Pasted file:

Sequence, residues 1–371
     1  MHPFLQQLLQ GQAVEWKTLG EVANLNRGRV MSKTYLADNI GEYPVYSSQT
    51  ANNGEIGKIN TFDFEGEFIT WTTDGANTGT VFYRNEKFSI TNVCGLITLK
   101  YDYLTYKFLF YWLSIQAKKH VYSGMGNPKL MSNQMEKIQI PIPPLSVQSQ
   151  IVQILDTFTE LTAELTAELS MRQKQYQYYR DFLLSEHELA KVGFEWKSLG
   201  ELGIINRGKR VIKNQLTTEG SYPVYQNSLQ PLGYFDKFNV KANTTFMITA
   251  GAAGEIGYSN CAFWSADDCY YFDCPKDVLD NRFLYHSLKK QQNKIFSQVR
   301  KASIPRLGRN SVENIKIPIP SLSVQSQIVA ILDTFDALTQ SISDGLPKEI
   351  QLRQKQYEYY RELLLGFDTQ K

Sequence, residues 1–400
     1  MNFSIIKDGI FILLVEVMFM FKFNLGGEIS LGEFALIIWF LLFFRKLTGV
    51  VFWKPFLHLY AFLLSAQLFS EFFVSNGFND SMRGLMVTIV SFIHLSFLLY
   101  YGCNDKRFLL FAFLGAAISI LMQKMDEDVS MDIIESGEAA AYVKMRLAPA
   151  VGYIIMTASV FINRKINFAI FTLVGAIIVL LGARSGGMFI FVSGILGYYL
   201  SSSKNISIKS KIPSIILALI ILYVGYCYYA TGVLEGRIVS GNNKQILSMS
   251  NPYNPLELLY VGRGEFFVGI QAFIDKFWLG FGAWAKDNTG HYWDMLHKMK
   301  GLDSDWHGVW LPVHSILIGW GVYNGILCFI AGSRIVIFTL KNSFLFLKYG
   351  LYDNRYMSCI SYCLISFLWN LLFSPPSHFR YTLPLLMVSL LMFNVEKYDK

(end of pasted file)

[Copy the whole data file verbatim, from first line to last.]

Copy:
Sequence, residues 1–371
     1  MHPFLQQLLQ GQAVEWKTLG EVANLNRGRV MSKTYLADNI GEYPVYSSQT
    51  ANNGEIGKIN TFDFEGEFIT WTTDGANTGT VFYRNEKFSI TNVCGLITLK
   101  YDYLTYKFLF YWLSIQAKKH VYSGMGNPKL MSNQMEKIQI PIPPLSVQSQ
   151  IVQILDTFTE LTAELTAELS MRQKQYQYYR DFLLSEHELA KVGFEWKSLG
   201  ELGIINRGKR VIKNQLTTEG SYPVYQNSLQ PLGYFDKFNV KANTTFMITA
   251  GAAGEIGYSN CAFWSADDCY YFDCPKDVLD NRFLYHSLKK QQNKIFSQVR
   301  KASIPRLGRN SVENIKIPIP SLSVQSQIVA ILDTFDALTQ SISDGLPKEI
   351  QLRQKQYEYY RELLLGFDTQ K

Sequence, residues 1–400
     1  MNFSIIKDGI FILLVEVMFM FKFNLGGEIS LGEFALIIWF LLFFRKLTGV
    51  VFWKPFLHLY AFLLSAQLFS EFFVSNGFND SMRGLMVTIV SFIHLSFLLY
   101  YGCNDKRFLL FAFLGAAISI LMQKMDEDVS MDIIESGEAA AYVKMRLAPA
   151  VGYIIMTASV FINRKINFAI FTLVGAIIVL LGARSGGMFI FVSGILGYYL
   201  SSSKNISIKS KIPSIILALI ILYVGYCYYA TGVLEGRIVS GNNKQILSMS
   251  NPYNPLELLY VGRGEFFVGI QAFIDKFWLG FGAWAKDNTG HYWDMLHKMK
   301  GLDSDWHGVW LPVHSILIGW GVYNGILCFI AGSRIVIFTL KNSFLFLKYG
   351  LYDNRYMSCI SYCLISFLWN LLFSPPSHFR YTLPLLMVSL LMFNVEKYDK